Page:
The dreaded loss of an hour of sleep is upon us.... It's a good bet that more of us are either late to church or miss it entirely on this Sunday than any other day of the year. With that loss of an hour comes the hopeful thoughts of Spring. Flowers and trees in bloom, warmer weather, "street-light" curfew getting later (much to the delight of children everywhere).
It is also a time to check on the safety of our homes. Pretty sure most Americans know the slogan "Change your clocks, Change your batteries". A reminder twice a year to check the batteries in our smoke detectors. But just "checking" them isn't enough and it's not just smoke detectors that need attention.
1. Don't just check your smoke detectors. Check your Carbon Monoxide(CO) Detectors as well. The best thing to do is just go ahead and replace the batteries, not just check that they are working at that moment. Making sure they are functioning should be done often. An accidental piece of burnt toast usually does this for us in our home.
2. Smoke Detectors should be replaced every 10 years and CO detectors ever 5 years. The sensors tend to degrade over time due to environmental contamination and age.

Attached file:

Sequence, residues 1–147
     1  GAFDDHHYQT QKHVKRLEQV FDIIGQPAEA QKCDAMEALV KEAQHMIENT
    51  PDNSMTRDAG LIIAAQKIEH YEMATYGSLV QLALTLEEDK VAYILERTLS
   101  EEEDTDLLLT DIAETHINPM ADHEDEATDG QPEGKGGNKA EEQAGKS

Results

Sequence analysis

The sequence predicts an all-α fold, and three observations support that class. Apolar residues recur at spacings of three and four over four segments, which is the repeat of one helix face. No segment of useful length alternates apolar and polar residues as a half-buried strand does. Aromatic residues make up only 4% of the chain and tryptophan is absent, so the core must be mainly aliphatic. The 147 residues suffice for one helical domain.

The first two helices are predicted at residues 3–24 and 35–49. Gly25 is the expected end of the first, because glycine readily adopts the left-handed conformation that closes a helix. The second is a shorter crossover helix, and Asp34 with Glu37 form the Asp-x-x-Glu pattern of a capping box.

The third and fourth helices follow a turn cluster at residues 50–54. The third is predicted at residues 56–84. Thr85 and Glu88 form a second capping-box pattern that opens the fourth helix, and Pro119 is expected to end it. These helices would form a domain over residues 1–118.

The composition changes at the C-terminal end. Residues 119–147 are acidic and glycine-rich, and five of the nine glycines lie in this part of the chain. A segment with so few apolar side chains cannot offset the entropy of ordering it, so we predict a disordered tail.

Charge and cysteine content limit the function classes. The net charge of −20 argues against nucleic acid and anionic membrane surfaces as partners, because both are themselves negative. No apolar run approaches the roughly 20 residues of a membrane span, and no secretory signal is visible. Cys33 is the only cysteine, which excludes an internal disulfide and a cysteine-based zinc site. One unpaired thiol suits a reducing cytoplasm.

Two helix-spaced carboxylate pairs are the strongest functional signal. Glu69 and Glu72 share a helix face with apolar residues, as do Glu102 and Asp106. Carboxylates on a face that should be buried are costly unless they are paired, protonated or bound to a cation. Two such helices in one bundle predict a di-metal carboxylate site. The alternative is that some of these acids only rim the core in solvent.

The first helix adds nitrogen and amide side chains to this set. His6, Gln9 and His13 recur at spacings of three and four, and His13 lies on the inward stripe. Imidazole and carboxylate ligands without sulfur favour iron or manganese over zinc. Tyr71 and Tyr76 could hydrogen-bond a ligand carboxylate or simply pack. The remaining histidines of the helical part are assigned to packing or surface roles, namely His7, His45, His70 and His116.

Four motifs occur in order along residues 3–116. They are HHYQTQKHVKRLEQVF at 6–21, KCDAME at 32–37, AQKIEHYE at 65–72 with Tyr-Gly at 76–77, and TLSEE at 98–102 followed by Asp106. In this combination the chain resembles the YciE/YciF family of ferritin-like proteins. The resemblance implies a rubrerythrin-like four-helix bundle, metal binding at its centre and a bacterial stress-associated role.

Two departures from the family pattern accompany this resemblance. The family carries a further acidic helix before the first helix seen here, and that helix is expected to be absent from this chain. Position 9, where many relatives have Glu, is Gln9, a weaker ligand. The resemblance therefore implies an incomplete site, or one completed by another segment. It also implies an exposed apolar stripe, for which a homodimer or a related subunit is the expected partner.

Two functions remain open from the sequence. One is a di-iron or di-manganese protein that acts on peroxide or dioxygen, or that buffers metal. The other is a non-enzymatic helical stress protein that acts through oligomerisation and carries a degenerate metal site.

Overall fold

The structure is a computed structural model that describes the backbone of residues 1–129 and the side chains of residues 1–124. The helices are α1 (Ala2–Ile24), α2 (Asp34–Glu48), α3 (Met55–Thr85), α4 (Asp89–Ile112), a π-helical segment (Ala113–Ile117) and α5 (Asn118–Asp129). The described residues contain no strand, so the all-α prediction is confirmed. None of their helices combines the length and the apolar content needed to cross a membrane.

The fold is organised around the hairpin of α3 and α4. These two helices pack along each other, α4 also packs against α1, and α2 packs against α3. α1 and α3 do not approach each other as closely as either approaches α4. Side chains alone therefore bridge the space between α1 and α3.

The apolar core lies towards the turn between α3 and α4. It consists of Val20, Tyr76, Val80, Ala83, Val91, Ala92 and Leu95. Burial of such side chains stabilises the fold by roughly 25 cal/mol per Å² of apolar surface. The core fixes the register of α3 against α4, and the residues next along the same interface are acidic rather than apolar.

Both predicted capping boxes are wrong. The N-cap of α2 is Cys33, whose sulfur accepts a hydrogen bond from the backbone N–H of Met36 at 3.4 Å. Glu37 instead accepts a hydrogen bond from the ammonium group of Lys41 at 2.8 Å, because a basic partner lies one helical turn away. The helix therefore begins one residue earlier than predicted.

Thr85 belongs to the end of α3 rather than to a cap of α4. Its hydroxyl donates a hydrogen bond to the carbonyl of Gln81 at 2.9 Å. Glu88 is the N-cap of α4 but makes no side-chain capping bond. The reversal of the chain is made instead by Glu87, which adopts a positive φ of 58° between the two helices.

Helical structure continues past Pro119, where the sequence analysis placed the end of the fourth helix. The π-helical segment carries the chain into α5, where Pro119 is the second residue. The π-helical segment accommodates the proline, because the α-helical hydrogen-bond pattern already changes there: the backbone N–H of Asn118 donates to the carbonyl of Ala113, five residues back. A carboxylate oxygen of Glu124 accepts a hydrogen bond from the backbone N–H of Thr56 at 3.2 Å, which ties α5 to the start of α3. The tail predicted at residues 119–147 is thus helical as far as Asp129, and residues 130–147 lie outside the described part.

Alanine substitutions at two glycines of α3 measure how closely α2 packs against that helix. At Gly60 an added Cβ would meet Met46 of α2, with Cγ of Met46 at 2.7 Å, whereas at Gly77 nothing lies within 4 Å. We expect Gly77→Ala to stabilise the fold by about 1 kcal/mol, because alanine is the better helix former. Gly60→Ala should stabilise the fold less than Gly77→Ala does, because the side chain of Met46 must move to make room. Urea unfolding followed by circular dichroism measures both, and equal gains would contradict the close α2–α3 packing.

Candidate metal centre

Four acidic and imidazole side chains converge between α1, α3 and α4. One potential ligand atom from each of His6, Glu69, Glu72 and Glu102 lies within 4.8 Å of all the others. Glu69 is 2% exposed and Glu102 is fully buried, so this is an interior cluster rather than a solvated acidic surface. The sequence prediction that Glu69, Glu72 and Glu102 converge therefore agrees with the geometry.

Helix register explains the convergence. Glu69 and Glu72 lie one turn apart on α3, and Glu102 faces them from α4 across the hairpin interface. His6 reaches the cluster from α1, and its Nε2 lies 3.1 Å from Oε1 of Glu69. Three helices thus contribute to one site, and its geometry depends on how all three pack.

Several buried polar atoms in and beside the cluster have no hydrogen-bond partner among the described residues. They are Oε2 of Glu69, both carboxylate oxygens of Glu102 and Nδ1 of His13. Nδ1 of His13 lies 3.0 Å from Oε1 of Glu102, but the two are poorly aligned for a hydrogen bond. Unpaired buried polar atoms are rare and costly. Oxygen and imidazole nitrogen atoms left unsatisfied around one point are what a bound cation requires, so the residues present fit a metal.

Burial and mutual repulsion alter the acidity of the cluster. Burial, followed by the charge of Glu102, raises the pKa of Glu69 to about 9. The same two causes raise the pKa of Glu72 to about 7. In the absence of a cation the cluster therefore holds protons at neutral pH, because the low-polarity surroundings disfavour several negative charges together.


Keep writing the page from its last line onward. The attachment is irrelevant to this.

3. This is also a good time to go through your medicine cabinet and discard any expired medications. That date DOES matter! Remember to discard in a safe place out of the reach of children and animals. If your dog is a trash junky, might not want to toss the old bottles there.
4. Check your disaster kits in your home and cars. Just how old is that pack of extra batteries. Or have they all mysteriously disappeared. A recent power outage at our home revealed just about all the emergency batteries had found their way into remotes, video game controllers etc...
5. Take a walk around the inside and outside of your home. Look for any hazardous materials, objects, etc. With the warmer weather ahead, no more "its too cold" excuses.
A great idea is to involve the entire family. Its an easy way to teach our children the importance of checking and maintaining these things. A practice they will carry with them into adulthood.
Remember, most states have standard requirements as to how many and where detectors should be located in your home. If you are unsure, check with your local fire department. They are usually more than willing to provide that information. Many have programs where they will come out to your home and make sure you have the detectors in the right place.
Here are a few websites if you would like more information:
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